After doing some research online, I found this place for kaiseki. It’s not the usual tatami sit-down kaiseki which costs a bomb but it was perfect for us. Pretty informal and not too elaborate, it made for a good introductory kaiseki as we did not stay at a ryokan. Ours was the ¥7000++ lunch kaiseki (reduced) set. It was more than enough for us. I observed that for all customers, they packed the leftover rice dish and made rice balls for takeaway. We had it late at night and it was still delicious.
The most senior chef there went out for some fresh air as we exited and gamely obliged our request for a photo. Such beautiful dishes.
They had an English menu that we could take home too.
The Japanese menu, along with the Kyoto daikon which they showed us. I love how they take pride in their ingredients. Even a humble radish can take centre-stage in a dish.
I’d definitely recommend Roan Kikunoi to those visiting Kyoto for the first time and are intimidated by the intricacies of a full kaiseki.
Elephant Factory Coffee
After youtubing a travelog, we found this place. It was a gem. There were many magazines that we could browse and it was a perfect time for Immanuel and I to discuss what we envisioned our new home to be.
I listened to Cherlynn and made sure we went to Yoshinoya. It was beef bowl heaven. Good food doesn’t always have to be expensive. We had a grilled beef rib bowl and a sukiyaki. And tonjiru. Love.
We also made a trip to this yakitori place which had pretty good reviews on trip advisor.
We got to talk to two American men who were in Japan for a while before heading to Singapore for 2 days. They were visiting a good friend of theirs who owns a couple of restaurants in Singapore, one of which is at MBS. *WHOH* They must’ve been some culinary experts. After hearing that we were on our honeymoon, they ordered a second drink for us each. How sweet and cool.
One of them asked for the best chicken rice in Singapore. How could I explain that the one at Bedok South is really value for money and that the late LKY used to patronise them? And how could I explain that the N2 one near my place had the BEST, THICK, REAL, chicken rice chilli and sauce that complemented the chicken, AND had such a generous serving of rice? And how could I explain that the Potong Pasir coffeeshop’s chicken rice was the most fragrant, plump, savoury rice that I ever had for chicken rice and that it had such a lovely brown hue?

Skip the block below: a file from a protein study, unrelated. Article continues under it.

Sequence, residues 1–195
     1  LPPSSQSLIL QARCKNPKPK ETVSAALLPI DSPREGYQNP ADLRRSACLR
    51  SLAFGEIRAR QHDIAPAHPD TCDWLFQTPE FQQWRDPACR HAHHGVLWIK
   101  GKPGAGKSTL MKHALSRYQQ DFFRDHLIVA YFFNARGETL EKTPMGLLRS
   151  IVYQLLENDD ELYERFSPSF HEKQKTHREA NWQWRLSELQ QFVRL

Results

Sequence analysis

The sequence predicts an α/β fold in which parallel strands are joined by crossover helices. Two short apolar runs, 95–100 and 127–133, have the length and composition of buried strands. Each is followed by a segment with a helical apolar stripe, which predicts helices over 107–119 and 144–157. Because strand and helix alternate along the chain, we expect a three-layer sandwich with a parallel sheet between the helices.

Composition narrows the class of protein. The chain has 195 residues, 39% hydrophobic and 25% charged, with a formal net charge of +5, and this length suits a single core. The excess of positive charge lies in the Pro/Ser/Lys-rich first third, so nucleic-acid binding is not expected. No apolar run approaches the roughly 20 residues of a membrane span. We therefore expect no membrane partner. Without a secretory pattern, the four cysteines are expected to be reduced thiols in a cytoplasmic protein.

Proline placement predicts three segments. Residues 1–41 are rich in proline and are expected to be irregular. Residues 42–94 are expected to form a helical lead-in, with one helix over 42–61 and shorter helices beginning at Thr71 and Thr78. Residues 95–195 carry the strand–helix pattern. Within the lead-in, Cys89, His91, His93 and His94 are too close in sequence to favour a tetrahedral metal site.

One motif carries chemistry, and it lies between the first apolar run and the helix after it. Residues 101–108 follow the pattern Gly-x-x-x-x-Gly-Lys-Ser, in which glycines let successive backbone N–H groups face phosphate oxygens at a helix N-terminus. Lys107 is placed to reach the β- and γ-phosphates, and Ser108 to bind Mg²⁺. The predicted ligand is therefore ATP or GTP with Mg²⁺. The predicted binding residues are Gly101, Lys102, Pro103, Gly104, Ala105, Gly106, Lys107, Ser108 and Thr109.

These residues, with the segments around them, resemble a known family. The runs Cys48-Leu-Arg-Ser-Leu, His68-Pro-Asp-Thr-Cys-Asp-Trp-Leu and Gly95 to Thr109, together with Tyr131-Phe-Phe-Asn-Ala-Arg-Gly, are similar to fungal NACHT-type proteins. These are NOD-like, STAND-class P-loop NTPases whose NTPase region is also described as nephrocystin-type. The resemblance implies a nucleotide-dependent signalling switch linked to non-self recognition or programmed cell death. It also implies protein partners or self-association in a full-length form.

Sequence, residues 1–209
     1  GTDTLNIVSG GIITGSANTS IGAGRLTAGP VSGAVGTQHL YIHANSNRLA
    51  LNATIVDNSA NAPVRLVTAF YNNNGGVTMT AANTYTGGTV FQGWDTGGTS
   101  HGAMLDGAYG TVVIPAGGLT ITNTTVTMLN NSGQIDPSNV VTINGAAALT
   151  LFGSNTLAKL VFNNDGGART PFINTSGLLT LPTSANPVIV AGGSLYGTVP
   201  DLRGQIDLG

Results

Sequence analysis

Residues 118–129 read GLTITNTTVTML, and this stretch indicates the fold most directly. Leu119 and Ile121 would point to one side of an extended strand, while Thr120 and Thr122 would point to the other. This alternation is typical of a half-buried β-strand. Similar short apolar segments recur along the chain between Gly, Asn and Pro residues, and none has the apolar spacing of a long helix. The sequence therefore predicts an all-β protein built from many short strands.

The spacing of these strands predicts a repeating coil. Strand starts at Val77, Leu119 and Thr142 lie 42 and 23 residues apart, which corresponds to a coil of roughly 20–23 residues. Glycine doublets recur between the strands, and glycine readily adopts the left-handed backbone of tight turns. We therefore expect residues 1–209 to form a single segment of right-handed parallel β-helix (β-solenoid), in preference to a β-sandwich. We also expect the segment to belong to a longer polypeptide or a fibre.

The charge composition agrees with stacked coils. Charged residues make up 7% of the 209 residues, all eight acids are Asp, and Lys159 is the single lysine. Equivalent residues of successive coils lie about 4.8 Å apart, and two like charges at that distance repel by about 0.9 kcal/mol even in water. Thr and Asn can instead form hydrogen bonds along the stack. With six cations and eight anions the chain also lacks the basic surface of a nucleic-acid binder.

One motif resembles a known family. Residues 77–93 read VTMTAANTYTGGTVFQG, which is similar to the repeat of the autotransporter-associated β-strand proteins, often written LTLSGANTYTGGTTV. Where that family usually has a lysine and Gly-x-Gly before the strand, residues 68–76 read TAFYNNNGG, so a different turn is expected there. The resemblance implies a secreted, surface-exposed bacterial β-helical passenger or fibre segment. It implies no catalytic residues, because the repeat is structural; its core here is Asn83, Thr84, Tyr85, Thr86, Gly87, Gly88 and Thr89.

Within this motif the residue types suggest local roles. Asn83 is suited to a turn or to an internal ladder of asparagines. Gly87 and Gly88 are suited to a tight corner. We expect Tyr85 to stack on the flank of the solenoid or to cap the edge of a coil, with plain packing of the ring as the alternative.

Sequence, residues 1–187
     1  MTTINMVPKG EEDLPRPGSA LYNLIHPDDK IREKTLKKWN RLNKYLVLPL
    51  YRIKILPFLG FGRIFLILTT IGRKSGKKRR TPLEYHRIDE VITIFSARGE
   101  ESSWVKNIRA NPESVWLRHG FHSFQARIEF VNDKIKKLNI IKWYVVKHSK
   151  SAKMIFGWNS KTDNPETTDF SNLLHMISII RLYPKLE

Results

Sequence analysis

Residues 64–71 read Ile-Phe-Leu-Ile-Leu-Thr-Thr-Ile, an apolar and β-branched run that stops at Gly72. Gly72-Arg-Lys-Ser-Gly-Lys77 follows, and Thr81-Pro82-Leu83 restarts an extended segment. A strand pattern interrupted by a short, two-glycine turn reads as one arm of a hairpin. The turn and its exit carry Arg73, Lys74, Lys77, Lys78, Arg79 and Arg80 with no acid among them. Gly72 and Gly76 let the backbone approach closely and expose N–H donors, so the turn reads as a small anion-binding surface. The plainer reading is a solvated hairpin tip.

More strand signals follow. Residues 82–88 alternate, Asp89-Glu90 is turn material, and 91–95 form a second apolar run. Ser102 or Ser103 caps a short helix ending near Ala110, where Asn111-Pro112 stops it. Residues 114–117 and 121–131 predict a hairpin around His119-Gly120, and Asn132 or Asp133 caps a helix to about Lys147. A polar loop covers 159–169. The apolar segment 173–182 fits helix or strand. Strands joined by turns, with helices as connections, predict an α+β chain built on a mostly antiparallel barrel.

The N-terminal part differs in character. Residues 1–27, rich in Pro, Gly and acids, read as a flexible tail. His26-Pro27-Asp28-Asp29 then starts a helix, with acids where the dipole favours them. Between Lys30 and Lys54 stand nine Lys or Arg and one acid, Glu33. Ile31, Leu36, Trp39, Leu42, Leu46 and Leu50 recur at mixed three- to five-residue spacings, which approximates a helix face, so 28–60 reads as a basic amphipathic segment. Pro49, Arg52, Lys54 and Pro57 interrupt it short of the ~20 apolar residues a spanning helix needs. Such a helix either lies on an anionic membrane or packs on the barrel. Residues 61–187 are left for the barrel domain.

So I typed on his phone: Boon Tong Kee.
I hope that was good enough and that his restaurant-owning friend had an even better recommendation.
Glad that we managed to make a trip to Ichiran in Kyoto because the Osaka branches had queues that were way too long for us (in the cold, you know!)
It did wonders for my sinus, but ramen is really not something that I would rave about. I thought the broth was yummy, and noodles were AWESOME because I could choose extra firm. But it wasn’t something that I’d HAVE TO eat again. One really great thing about it was that the extra firm noodles reminded me of the Crawford Lane Hill Street Tai Hwa Ba Chor Mee that I absolutely love. Strange comparison but the moment I sunk my teeth into the firm noodles, I immediately had the same sensation as when eating the mee kia from that stall.
Hotel Kanra Kyoto
“Who needs [insert random hotel name], when you have KANRA?”
This was a recurring line for us in Japan. Hotel Kanra must have been one of the tops of our trip. The minimalistic yet traditional decor just totally stole our hearts and kept it under lock and key forever.
Granted, Kanra was newly renovated when we stayed – just two months old, but if they can actually keep up with this standard, we’d likely make multiple trips back to Kyoto JUST FOR THIS.
Kyoto had so many beautifully designed buildings that I just had to snap.
Streets & skies
Yup, trust the tropical city-dweller to keep snapping photos of roadside trees and sky views.
So glad we went to Kyoto for the first leg of our honeymoon. We’d definitely be back soon! Lord, please provide ❤